Out of all of the fungi that I’ve talked about here at Forest Floor Narrative, I realized today that I rarely mention any species of puffballs. I’m not being hard on myself, because again, this kingdom of organisms is about six times more diverse than that of the plants! With more than 5 million species of fungi filling nearly every ecological niche this planet has to offer, I can only really dive into a small subset of the diversity we see today. But even so, the puffballs are too interesting to leave out for this long. Today I present to you one of the coolest puffballs I have ever laid eyes on. Chlorogaster dipterocarpi.
It took me until now to recall my first experience with a fungus that wasn’t on my plate. As a young kid, my family and I were situated at a motel for a soccer tournament my older sister was in. Outside our room, a mossy tree stump lied. At the base of that tree, there was a cluster of small, brown puffballs, probably Lycoperdon pyriforme. Like any curious kid would, I touched the gasteroid fungus, and upon contact, a puff of cloud-like spores rushed out of the open pore at the top. I remember it so vividly, being mystified at this weird little brown thing.
Aptly named, the gasteroid species are made up of basidiomycete fungi that produce their spores within their fruiting bodies. Gastro is the Greek word for stomach, which specify where the spores of these fungi are formed. We all know that fungi don’t have stomachs, but by looking at their morphology and physiology the name starts making sense. Most other higher fungi produce their spores on their outer surfaces. When we look at all of the mushroom forming fungi, only 8.4% of them are represented by gasteroid taxa. Fungi that produce spores within their developing fruiting bodies include the puffballs as well as a family of fungi that gets a lot of attention on this blog, the Phallaceae, also known as the stinkhorns.
Like many fungal adaptations, this puffball-like lifestyle has evolved independently several times. So far, I have talked about how a polypore and a bolete have evolutionarily reverted back to a gilled morphology. Unlike these aforementioned mushrooms, a lineage that evolves a gasteroid ecology steps foot on a one-way road. When a species ‘figures out’ this gasteroid lifestyle, they lose the spore dispersal mechanism most species within the Basidiomycota have. Although boletes, gilled, and pored fungi may seem to have a passive spore dispersal mechanism by utilizing wind currents, their microscopic spores are released from basidia through an active mechanism (see figure below). When species traverse into the gasteroid realm, they lose these active mechanisms involving the Buller’s droplet. With this, we can see the unlikeliness that a species would revert back to a morphology with an active spore mechanism.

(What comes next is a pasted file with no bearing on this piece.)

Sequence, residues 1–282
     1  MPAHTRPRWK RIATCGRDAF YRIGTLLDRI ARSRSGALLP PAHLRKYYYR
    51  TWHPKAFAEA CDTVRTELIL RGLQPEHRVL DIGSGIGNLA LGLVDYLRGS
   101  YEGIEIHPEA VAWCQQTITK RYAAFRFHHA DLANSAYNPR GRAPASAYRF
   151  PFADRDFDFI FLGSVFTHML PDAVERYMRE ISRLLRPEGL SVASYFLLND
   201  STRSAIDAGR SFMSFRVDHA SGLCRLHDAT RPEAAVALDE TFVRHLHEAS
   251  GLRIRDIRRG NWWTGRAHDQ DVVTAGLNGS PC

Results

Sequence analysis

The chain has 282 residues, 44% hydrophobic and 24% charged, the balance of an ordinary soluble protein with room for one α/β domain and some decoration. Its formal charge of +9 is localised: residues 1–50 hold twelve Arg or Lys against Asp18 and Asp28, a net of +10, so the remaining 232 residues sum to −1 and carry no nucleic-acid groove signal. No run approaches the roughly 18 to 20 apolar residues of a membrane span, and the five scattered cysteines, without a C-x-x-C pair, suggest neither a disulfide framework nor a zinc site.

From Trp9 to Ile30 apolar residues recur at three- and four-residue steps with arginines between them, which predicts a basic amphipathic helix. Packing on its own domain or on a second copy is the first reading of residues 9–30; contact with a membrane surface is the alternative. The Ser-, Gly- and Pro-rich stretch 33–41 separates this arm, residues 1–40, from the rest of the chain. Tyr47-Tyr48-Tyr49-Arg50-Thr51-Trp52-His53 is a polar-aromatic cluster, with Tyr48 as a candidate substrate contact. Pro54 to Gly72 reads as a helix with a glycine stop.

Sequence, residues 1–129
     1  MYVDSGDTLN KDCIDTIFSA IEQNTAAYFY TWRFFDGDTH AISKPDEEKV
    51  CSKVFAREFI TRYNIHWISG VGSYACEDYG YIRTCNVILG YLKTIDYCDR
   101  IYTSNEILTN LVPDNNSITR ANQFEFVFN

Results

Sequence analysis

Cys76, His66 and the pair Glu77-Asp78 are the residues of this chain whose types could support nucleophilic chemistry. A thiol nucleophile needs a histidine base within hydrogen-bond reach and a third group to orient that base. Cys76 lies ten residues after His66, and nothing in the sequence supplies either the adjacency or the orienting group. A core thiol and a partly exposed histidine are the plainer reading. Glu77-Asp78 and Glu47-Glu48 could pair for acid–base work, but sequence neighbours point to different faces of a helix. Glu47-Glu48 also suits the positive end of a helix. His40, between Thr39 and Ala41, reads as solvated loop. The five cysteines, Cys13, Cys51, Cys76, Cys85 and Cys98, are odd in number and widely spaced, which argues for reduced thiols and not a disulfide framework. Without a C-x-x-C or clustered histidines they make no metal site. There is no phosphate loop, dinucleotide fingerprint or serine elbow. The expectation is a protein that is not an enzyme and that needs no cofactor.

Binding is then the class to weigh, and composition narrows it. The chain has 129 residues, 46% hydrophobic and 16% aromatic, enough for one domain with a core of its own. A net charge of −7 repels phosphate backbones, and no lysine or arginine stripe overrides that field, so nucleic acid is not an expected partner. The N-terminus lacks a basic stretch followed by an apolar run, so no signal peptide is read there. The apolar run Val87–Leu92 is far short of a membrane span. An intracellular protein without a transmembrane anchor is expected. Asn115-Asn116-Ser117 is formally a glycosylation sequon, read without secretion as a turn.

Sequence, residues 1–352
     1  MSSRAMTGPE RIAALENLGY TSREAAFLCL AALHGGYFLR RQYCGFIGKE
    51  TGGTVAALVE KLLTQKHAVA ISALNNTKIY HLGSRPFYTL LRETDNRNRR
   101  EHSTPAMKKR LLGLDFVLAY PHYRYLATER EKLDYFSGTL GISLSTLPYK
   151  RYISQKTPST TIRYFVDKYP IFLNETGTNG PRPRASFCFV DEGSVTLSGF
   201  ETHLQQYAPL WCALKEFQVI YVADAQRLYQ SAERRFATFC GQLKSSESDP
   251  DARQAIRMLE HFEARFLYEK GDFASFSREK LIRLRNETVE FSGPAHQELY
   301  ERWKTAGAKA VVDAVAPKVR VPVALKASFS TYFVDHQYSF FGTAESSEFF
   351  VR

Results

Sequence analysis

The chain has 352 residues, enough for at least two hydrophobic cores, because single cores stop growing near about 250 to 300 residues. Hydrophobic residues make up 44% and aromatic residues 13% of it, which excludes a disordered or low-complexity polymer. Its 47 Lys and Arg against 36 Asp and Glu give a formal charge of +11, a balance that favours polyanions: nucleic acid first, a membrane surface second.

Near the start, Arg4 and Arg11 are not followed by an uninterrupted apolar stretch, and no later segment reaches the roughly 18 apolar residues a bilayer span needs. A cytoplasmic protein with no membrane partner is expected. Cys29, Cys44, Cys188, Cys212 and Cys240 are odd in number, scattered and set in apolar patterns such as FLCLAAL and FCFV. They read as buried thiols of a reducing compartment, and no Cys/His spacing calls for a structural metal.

Puffballs depend on raindrops, falling debris or animals to come in contact with the mature fruiting bodies. When this happens, air within the fungus rushes out of the pore (or pores) at the top, thereby carrying millions of spores into air currents above the boundary layer hovering over the forest floor. These external stimuli are required by all puffballs, even the species featured in today’s post.
In 1999, an insanely cool species of puffball was found in Sabah forest located in Malaysia. After contacting tropical and gasteroid fungal experts to no avail, researchers Thomas Læssøe and Leo Jalink had found out that they had discovered a new species of fungus. By analyzing its morphological traits, Chlorogaster dipterocarpi, has been placed within the family Sclerodermataceae. Its fungal cousins include species of other hard-skinned puffballs, like Scleroderma citrinum, and Pisolithus tinctorius. The Sclerodermataceae is nested in the order Boletales, showing that its ancestors formed bolete-like mushrooms. Again, once its ancestors crossed this gasteroid plane, it was unable to revert back to its ancestral bolete condition.
Chlorogaster dipterocarpi is quite rare, and is thought to be ectomycorrhizal, once again revealing its bolete ancestry-with many of the boletes forming underground mutualisms with broadleaf trees. Not only is it a rare species, but its DNA is exceptionally difficult to isolate and sequence so its phylogeny to this day is still based on morphological traits. New, insanely cool species of fungi like this are found every year, which ultimately points to how much we don’t know about this incredible kingdom. We have only scratched the atomic surface of the fungal diversity within tropical rainforests, but this should be exiting news to the students of the forest floor. Species are just waiting to be discovered.